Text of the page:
Some days, living in Romania looks like this.
And some days, it looks like this.
Adjusting to a new home is difficult, even if it’s also exciting and interesting and fun and informative and entertaining. As much as I’ve learned, there are plenty of things I don’t know. For everything I’ve figured out, there are many things I don’t understand. I like so much about living and teaching here but I don’t like everything.
That’s as it should be, I think. You need the starry eyes to clear in any relationship so you can see a clear way forward; after all, you can dislike something about your partner and still want to fall asleep together at the end of the day. London is a good example, in my case: I am unashamedly in love with that city but I’m not immune to cursing another damp grey day when the Tube is overcrowded and the local Tesco is out of my favorite yogurt; I just forgive and forget when the sun comes out.
So, no, I don’t like everything about being a professor here (nor do I like everything about being a professor in the US but that is a conversation for another day). Education is a difficult enterprise on the best of days and they aren’t all best days. I struggle with some of the expectations. I don’t understand some of the customary responses. I am frustrated when students don’t come to class. I want to bang my head on the table, weeping, when half of my students submit plagiarized papers.
But. I’m always working in a different academic system with a complex educational history. I’m fascinated by how they approach education and why they view learning in certain ways. It isn’t a matter of my way being right and their way being wrong. Agree or disagree, it’s a matter of figuring out what works so that students have the chance to really learn.
In the end, while I flail about, trying to get myself settled in a rocking boat, I want the students to take away something meaningful from their time in my classroom. It’s a fair assessment to say that some did, some didn’t. That hurts, of course: I’d like to walk out of the classroom knowing that I’ve advanced their learning in some useful way. As I often tell my students at Purdue, however: We all want something, honey (also a conversation for another day).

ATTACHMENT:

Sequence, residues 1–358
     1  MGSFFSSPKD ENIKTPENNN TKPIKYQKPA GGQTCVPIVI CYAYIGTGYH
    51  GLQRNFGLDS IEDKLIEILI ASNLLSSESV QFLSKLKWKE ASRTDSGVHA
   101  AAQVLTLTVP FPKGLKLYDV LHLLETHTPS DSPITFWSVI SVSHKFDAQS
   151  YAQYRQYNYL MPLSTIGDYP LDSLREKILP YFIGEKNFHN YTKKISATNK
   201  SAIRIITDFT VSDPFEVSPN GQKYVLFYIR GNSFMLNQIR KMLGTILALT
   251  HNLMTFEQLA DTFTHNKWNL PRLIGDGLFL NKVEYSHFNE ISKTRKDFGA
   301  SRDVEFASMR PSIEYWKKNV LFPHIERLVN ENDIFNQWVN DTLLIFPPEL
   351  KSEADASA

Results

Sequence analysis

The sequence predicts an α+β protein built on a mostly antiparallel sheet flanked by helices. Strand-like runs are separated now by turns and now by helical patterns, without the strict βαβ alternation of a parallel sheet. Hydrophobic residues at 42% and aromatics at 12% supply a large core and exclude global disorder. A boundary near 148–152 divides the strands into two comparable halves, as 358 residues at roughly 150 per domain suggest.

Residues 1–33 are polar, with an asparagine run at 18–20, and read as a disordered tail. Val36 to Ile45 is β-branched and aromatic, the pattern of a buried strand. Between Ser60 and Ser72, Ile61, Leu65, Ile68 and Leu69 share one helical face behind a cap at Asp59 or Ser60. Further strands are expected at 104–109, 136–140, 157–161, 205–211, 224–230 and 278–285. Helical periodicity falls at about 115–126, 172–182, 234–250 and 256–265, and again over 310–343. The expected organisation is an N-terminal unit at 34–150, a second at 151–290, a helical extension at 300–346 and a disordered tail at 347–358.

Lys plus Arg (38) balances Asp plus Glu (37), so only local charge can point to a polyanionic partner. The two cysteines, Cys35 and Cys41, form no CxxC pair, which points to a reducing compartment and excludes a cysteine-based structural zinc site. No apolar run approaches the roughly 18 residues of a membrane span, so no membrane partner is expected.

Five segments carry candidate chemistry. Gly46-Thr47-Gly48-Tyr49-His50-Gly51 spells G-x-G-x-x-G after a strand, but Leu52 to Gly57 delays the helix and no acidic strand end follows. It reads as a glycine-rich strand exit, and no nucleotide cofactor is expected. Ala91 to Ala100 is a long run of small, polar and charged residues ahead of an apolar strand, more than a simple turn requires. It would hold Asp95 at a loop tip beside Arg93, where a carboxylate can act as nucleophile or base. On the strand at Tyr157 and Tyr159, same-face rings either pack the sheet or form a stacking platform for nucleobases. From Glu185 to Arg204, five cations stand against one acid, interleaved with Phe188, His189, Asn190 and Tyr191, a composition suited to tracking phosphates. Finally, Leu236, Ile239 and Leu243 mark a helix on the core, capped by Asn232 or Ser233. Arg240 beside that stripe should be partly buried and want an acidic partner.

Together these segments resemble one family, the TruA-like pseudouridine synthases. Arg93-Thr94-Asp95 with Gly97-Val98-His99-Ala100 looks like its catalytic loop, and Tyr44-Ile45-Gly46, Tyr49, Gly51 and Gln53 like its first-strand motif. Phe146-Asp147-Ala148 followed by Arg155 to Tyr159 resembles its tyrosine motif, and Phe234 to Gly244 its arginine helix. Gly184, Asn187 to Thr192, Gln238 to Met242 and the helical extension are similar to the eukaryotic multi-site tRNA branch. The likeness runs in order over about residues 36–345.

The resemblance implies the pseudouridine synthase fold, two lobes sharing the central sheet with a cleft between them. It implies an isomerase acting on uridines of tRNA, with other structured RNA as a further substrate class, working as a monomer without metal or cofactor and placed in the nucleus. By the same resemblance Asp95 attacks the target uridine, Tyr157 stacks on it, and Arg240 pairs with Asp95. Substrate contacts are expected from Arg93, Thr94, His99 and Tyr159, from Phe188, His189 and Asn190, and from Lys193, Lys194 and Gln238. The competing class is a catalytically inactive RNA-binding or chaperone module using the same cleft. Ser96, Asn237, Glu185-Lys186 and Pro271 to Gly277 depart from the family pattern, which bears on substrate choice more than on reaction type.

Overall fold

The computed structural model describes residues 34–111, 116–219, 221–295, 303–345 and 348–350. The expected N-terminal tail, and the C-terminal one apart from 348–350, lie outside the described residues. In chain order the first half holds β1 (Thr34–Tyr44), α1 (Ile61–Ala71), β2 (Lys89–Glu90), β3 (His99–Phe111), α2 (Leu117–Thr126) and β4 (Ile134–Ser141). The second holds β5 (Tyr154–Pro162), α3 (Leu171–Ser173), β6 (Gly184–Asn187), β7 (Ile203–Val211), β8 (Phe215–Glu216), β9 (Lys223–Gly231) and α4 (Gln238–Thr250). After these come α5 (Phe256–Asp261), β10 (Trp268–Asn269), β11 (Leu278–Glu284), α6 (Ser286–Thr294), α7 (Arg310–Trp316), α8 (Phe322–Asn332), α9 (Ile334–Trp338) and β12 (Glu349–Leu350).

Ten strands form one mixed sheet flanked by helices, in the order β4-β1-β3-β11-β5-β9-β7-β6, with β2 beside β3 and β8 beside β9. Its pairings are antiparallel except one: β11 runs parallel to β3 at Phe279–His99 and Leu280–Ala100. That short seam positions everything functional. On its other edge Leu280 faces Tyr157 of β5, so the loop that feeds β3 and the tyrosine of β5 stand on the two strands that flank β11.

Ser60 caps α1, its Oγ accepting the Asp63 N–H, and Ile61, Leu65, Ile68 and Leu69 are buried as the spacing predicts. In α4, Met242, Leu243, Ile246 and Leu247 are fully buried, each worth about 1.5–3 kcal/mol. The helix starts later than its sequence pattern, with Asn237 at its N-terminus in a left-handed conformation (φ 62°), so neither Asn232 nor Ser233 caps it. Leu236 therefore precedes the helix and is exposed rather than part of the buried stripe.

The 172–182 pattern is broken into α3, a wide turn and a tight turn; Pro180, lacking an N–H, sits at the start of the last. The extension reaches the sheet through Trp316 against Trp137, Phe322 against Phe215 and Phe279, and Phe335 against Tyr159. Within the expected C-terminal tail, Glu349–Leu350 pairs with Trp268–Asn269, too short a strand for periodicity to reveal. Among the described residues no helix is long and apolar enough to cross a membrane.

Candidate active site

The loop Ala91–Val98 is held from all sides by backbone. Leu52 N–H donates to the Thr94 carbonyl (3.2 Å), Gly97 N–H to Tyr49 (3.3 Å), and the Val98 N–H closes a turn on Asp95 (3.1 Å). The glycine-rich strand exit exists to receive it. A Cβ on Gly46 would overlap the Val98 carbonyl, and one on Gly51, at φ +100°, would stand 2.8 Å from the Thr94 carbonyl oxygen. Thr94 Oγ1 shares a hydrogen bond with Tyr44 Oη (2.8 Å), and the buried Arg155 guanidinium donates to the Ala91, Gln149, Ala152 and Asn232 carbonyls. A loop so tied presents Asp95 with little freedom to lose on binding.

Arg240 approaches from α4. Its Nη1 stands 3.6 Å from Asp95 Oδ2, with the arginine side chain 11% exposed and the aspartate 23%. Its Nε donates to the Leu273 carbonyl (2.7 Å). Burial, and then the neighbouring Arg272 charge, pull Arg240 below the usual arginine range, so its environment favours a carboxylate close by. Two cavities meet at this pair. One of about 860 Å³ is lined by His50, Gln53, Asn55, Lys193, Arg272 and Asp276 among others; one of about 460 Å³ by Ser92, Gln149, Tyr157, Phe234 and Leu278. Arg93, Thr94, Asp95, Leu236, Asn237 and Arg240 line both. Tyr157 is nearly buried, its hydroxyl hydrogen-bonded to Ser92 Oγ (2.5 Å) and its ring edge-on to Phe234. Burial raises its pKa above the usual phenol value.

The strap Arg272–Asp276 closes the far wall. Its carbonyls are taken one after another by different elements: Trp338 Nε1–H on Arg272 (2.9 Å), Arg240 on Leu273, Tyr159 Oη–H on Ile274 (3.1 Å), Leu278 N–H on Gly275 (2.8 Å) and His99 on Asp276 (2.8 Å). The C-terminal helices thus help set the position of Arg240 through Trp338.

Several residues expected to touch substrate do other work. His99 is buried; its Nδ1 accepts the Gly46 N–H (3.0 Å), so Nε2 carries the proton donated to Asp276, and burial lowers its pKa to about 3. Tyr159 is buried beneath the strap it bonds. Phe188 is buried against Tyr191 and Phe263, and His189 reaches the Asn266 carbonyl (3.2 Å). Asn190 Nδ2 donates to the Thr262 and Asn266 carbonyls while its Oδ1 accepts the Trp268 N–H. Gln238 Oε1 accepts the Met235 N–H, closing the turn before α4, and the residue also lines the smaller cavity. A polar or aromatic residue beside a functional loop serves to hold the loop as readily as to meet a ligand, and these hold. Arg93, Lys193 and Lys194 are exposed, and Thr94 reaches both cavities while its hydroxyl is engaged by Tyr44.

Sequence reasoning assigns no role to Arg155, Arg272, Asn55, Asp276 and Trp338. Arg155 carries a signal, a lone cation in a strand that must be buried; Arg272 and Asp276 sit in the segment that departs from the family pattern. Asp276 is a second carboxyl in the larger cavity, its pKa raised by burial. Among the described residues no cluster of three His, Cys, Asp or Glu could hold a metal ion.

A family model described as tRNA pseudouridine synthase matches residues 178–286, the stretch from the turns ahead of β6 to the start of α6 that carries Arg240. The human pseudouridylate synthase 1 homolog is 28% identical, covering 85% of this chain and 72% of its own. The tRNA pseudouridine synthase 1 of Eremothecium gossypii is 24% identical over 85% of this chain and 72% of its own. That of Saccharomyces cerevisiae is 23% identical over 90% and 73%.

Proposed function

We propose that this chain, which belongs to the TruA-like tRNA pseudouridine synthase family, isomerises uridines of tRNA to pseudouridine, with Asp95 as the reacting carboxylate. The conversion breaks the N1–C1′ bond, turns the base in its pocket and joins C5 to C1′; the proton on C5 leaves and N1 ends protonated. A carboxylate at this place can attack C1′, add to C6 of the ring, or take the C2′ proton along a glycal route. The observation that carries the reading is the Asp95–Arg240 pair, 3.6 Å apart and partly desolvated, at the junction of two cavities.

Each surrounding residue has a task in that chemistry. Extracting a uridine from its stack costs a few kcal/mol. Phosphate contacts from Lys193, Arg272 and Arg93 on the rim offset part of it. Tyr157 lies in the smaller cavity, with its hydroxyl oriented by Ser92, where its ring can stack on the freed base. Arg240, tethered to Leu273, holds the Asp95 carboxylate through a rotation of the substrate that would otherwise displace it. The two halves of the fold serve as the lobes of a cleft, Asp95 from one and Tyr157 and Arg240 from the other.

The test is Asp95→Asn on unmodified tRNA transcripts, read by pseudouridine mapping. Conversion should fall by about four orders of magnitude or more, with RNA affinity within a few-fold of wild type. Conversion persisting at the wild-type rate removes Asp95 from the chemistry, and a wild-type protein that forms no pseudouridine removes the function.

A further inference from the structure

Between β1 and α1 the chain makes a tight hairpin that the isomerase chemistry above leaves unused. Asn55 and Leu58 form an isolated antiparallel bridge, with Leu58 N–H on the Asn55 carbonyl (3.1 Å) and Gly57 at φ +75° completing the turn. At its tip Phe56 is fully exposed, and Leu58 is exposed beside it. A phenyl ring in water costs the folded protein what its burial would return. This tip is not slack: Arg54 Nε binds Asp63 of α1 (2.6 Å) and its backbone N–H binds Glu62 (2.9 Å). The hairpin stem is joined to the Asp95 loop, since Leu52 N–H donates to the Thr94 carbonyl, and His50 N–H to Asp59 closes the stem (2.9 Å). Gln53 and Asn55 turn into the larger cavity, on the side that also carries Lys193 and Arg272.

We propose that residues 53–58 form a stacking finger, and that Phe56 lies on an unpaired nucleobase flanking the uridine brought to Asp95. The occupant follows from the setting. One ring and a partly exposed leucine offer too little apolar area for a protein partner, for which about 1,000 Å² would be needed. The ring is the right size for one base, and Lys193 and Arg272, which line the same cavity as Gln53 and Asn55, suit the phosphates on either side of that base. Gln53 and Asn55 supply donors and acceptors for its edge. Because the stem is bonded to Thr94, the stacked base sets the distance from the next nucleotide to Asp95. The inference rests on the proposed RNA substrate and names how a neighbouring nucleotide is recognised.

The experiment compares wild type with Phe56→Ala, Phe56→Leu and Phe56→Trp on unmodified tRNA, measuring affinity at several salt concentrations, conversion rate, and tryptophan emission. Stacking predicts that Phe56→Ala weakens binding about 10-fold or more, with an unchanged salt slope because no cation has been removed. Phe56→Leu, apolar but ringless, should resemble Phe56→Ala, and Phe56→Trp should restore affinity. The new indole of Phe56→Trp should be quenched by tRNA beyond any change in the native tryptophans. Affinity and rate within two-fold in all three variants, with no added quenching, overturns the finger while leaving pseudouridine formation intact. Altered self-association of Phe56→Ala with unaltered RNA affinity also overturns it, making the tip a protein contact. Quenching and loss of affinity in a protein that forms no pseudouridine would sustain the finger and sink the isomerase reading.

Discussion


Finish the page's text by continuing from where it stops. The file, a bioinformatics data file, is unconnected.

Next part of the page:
So, when I’m having more of a wall-covered-in-graffiti kind of day than a blue-skies-beyond-stone-walls kind of day, it’s good to read through students’ explanations of something important they’ve learned this semester:
I was surprised when we were taught that it is acceptable to allow your students to have their own interpretation of a text and that they should not all agree with the one “correct ” interpretation.
We, as teachers, should never force our students to think in a certain way. Everybody has the right to think freely and we must help them learn how to do it, assisting them in the process.
We all must know that war isn’t a video game. War is real pain. The pain that you feel inside all your life and an experience that leaves scars at the surface but also deep inside. We must teach our students to look closer and from different perspectives to see what it actually means. If they understand the real meaning, maybe one day there will be no wars. [NB: We finished the semester reading one of O’Brien’s short stories.]
You showed me that a course from 8:00 can be really nice and pleasant. I think it is a first in so many years of school.
Group work is useful, even though we were not used to it, and it helps the students to get used to speak up and to work in teams (cooperative inquiry). We’ve got a chance to meet alternative types of teaching-learning and to make new, sometimes unusual connections, in literary criticism.
And the one that made me laugh out loud:
Personally, I learned how hard it actually is to be a teacher, at least theoretically, and how many of our teachers don’t really care about all they can do and take the good ol’ “let me dump all this information on your head and force you to memorize it” method without even trying anything else. It also taught me how rewarding and satisfying the job can be when you manage to pull some of those things off (like multimodality and all that) and how the hard work of being a good teacher pays off. It taught me to show gratitude to those who try and truly deserve it (speaking about teachers).